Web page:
This set Kapila thinking. “What shall I ask for? Two grams of gold. But will that be enough? Why not ask for a kilogram or two? But that too will get over soon enough! May be ten or twenty kilograms, so that I can make enough jewellery for my wife. Then our life will be peaceful. But does my hut befi t such wealth? Why not ask for a palace as well? But what is a palace without estates? Better to ask for a village. But just one village? If I have to ask, I’d might as well ask for a state!” And thus we see how man’s desires are endless.

Kapila’s desires kept increasing. At last, when a state also seemed less to him, he decided to ask the king for his kingdom. Look at the web of desires!

Suddenly he came to his senses. As soon as he thought about asking for the kingdom, light dawned within him. The contemplation on gold turned into self-contemplation.

Kapila started thinking, “Oh, what has become of me! A great man has shown kindness towards me and in return, I wish to possess his entire wealth. How can I stoop so low? It is not appropriate to misuse someone’s generosity.”

Thus, Kapila entered into a deep meditative contemplation. The delay in his reply fi lled the king’s mind with suspicion. He thought, “This man is thinking hard. I hope he is not considering asking for my throne!” So he ordered, “State quickly whatever it is that you wish for.”

As Kapila opened his eyes, he saw the king’s anxiety and realized that his greed had aroused suspiscion in the king’s heart. He was consumed by repentance and began to think, “Once there was no greed in me, and now that it has crept in, it fi lls every pore. All I wanted were two grams of gold. But the king said, ‘ask for whatever you desire’ and the desire became so strong that it was ready to take the entire kingdom from the king. Shame on a mind which cannot contain its desires!”

This desire is like a fire whose flames are fanned by the fuel of greed. Fat does not put out fire, it ignites it. Likewise, the fi re of desire can be extinguished not by greed, but only by contentment.

The wisdom that dawned to destroy this greed from its roots set the man on the path of aparigraha. Today he is known to the world as Mahaṛṣi Kapila.

One day Mahaṛṣi Kapila saw a band of five hundred bandits. Their lives spoke of violence and bloodshed. They had never experienced love, compassion and trust. The light of the Mahaṛṣi’s words engulfed them and they became his disciples. And one day, that same group of great saints started spreading the message of peace in the world.

Let me narrate an incident from China. Confucius, the wise one, was once approached by the king with a problem. “There is a lot of thievery in the kingdom. Kindly suggest a way to put an end to it”, the king implored.

Confuciu s said, “If you really wish to put an end to theft in the kingdom, then fi rst of all you must stop stealing yourself. Don’t let your greed grow. Because of your greed you extract money out of your people to fi ll your coffers. The day you set your mind free of deceit, thievery and greed, from that very day these thefts will stop too.”

I believe that the root cause of all evillies within us. In this world, wealth is limited and desires unlimited. Until we endeavour to rid ourselves of the venom of greed, we cannot find peace. Lord Mahāvīra said:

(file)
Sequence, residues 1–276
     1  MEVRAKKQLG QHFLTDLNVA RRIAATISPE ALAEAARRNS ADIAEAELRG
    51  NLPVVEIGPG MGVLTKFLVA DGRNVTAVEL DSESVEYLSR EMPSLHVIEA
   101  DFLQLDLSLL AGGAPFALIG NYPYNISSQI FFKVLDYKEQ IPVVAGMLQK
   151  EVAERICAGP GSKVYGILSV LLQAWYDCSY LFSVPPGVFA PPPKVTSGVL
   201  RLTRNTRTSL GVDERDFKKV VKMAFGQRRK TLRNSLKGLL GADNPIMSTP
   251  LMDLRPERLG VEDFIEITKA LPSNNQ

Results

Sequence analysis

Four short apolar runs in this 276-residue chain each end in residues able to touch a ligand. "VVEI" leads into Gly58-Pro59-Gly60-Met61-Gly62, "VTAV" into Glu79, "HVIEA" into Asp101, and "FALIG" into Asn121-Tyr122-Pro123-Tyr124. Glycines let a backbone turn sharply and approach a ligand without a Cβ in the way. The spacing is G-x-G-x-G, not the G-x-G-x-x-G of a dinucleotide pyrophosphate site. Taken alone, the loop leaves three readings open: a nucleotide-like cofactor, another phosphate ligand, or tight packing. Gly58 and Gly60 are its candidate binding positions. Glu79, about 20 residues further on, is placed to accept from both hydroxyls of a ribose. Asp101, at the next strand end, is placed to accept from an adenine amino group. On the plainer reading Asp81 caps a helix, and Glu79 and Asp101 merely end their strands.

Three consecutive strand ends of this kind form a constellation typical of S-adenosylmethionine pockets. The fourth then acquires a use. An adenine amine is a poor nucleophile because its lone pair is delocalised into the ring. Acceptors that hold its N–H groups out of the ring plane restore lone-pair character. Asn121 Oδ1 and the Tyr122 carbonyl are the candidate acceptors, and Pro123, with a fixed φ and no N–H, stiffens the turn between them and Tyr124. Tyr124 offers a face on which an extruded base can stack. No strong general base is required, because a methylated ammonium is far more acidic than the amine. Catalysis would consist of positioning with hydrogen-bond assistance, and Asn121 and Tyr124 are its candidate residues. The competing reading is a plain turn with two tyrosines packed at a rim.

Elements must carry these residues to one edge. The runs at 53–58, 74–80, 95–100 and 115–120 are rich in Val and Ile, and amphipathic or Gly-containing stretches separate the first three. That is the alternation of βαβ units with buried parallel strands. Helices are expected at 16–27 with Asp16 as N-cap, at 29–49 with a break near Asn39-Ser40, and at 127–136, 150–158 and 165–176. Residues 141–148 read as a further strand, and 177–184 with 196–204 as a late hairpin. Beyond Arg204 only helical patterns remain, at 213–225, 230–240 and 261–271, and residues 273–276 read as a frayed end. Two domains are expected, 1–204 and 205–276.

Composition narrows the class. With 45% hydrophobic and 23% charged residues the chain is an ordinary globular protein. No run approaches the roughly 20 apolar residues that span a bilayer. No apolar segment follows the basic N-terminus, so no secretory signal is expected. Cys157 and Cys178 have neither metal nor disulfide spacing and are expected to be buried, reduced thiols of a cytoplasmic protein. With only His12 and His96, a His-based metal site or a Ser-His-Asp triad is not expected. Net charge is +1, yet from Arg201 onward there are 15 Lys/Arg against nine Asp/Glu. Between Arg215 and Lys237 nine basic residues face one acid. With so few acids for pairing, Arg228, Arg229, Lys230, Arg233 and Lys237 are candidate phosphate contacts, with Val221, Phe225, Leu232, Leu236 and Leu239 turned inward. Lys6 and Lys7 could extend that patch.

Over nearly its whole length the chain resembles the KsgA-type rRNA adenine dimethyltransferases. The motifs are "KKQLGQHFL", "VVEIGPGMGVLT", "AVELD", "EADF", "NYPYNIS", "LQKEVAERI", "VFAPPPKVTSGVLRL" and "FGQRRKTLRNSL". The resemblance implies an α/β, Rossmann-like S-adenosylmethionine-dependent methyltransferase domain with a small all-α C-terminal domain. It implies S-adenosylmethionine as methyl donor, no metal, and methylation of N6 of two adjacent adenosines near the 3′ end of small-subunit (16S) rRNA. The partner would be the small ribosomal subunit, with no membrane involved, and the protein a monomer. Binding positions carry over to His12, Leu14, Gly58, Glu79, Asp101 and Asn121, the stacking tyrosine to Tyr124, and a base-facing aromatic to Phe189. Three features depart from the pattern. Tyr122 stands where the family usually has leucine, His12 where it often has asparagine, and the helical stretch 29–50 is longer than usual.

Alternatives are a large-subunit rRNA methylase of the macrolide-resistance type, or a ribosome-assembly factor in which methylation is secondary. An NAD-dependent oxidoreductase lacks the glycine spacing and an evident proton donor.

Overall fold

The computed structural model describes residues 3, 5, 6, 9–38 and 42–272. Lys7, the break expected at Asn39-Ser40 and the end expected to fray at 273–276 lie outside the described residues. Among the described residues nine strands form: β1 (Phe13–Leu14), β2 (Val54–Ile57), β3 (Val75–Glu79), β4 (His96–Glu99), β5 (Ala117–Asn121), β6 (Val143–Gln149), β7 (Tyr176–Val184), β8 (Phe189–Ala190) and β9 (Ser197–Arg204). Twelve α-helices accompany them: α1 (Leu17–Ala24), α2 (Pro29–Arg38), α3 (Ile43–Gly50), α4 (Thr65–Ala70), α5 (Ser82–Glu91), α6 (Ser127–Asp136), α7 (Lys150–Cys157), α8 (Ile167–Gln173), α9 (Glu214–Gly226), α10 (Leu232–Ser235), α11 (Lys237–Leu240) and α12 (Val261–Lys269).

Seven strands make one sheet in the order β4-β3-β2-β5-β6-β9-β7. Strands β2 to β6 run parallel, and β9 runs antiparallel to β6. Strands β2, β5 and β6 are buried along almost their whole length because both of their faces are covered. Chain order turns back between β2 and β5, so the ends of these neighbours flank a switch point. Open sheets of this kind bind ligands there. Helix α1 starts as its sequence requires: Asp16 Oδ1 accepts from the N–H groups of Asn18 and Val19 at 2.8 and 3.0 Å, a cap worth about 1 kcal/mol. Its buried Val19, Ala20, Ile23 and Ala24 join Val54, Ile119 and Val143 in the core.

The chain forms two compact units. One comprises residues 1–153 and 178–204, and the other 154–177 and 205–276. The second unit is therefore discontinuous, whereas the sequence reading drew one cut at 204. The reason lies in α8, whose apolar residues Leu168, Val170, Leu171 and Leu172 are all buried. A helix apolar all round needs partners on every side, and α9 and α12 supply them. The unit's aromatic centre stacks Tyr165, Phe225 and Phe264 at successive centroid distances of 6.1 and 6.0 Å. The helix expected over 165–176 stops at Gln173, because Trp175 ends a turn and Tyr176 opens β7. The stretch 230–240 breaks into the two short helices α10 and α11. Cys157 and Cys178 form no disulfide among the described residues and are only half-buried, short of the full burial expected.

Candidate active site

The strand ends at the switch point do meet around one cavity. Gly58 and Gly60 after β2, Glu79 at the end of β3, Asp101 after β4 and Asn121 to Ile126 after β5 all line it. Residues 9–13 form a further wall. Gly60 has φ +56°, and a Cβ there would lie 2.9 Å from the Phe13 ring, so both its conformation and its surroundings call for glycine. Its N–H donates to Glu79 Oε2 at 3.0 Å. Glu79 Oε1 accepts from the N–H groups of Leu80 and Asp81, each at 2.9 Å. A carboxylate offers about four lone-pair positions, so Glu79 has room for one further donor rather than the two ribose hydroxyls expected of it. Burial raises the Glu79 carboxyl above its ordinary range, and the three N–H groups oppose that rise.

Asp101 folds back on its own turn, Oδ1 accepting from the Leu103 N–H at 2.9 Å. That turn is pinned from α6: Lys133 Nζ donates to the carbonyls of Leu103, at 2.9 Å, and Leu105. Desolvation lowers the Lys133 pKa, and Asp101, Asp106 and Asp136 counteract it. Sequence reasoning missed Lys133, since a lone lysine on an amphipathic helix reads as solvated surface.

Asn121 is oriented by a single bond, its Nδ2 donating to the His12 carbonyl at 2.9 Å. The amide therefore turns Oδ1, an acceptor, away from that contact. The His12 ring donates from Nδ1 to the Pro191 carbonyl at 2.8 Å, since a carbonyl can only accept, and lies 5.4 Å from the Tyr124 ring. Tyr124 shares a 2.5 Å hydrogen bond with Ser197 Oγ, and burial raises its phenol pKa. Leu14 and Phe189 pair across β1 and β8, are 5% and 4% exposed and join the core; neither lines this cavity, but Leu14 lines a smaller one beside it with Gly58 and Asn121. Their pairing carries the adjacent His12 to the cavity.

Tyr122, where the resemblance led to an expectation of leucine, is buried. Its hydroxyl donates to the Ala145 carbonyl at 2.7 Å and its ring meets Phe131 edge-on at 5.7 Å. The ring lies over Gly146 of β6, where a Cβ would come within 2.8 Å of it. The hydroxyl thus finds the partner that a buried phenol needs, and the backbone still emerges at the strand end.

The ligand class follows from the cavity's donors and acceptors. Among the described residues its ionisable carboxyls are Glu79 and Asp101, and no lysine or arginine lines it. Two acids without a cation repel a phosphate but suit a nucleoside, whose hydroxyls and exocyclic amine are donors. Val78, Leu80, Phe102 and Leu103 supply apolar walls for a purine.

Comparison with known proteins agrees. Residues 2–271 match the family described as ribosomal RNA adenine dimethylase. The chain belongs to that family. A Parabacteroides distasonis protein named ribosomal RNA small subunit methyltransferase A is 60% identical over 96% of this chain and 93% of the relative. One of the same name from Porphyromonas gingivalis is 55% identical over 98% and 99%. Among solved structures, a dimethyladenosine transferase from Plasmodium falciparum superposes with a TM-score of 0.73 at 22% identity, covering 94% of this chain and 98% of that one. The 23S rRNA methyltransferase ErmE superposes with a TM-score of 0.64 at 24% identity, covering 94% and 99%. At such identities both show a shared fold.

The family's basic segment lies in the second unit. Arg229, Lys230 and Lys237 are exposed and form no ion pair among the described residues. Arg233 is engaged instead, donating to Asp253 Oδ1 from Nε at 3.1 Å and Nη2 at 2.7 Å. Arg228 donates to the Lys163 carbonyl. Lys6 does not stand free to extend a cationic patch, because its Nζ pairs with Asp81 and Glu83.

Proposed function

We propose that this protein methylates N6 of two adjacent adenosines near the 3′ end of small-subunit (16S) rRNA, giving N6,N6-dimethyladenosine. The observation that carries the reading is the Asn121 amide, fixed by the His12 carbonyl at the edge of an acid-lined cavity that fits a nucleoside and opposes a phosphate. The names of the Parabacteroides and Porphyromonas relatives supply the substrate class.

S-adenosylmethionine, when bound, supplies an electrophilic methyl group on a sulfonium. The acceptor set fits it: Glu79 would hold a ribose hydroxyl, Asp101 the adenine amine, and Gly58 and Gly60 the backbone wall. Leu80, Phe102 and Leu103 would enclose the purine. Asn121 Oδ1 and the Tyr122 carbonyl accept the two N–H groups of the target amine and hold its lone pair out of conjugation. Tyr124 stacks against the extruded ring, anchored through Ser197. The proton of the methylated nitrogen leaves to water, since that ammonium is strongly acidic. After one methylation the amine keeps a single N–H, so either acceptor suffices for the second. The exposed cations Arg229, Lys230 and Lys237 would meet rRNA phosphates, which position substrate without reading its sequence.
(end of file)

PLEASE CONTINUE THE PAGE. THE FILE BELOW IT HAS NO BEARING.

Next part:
If there were innumerable mountains of gold and silver as vast as Mount Kailāśa, they would not satisfy an avaricious man; for avarice is boundless like the sky.

Take the case of a greedy man who propitiates a deity by worship. The deity is pleased and grants him a generous boon. He asks for wealth. So God creates for him heaps of gold and silver on earth. High and vast as the Himalayas and the Sumeru, not just one or two, but innumerable mountains of wealth. He could keep counting them till the end of his life, but not reach their end.

After creating so much wealth, if God were to ask him whether he was satisfi ed, do you know what the greedy man would reply? He would say, “I will be at peace if you can create one more mountain of gold in yet another corner.” One who nurtures greed is never satisfied by these heaps of gold and silver. Any amount of wealth is but miniscule for him. His desires will increase further, because desires are infinite. So, how can a pit of infinite desires be fi lled by limited wealth?

A saint during one of his wanderings met a man who was very greedy. He later put his disciple to test by saying, “Today I have seen a lake with neither a bank nor a shore. Tell me how that is possible.”

Immediately the devout disciple replied, “Master! What you have seen is possible. It is certainly not impossible.”

Testing him further, the Master asked, “How can this not be an impossibility? If there is a lake, there must be a shore. How can there be a lake without a shore?”

The disciple answered, “Master! All lakes have shores, but the lake of desire is such that it has no shore, no beginning. It is limitless.” The Master smiled contentedly, “You have reached the right understanding. You have grasped true knowledge.”

Verily, even on getting the wealth of the entire universe, the mind of a greedy man will not find contentment. This is the truth of life. It is the nature of desire that it can never be satisfi ed. One who attempts to satisfy every desir does not tread the right path. Satisfaction of desires is not the path of spirituality, it is the path of materialism and never begets peace.

Jainism states that desires cannot be satisfi ed by gaining wealth and objects. Possession of an object does not necessarily satisfy the desire for that object. When the fire of desire starts to kindle, sprinkle the waters of contentment on it. If your mind is content, even your desires will fold and fit into a corner. This is the way to eradicate desires.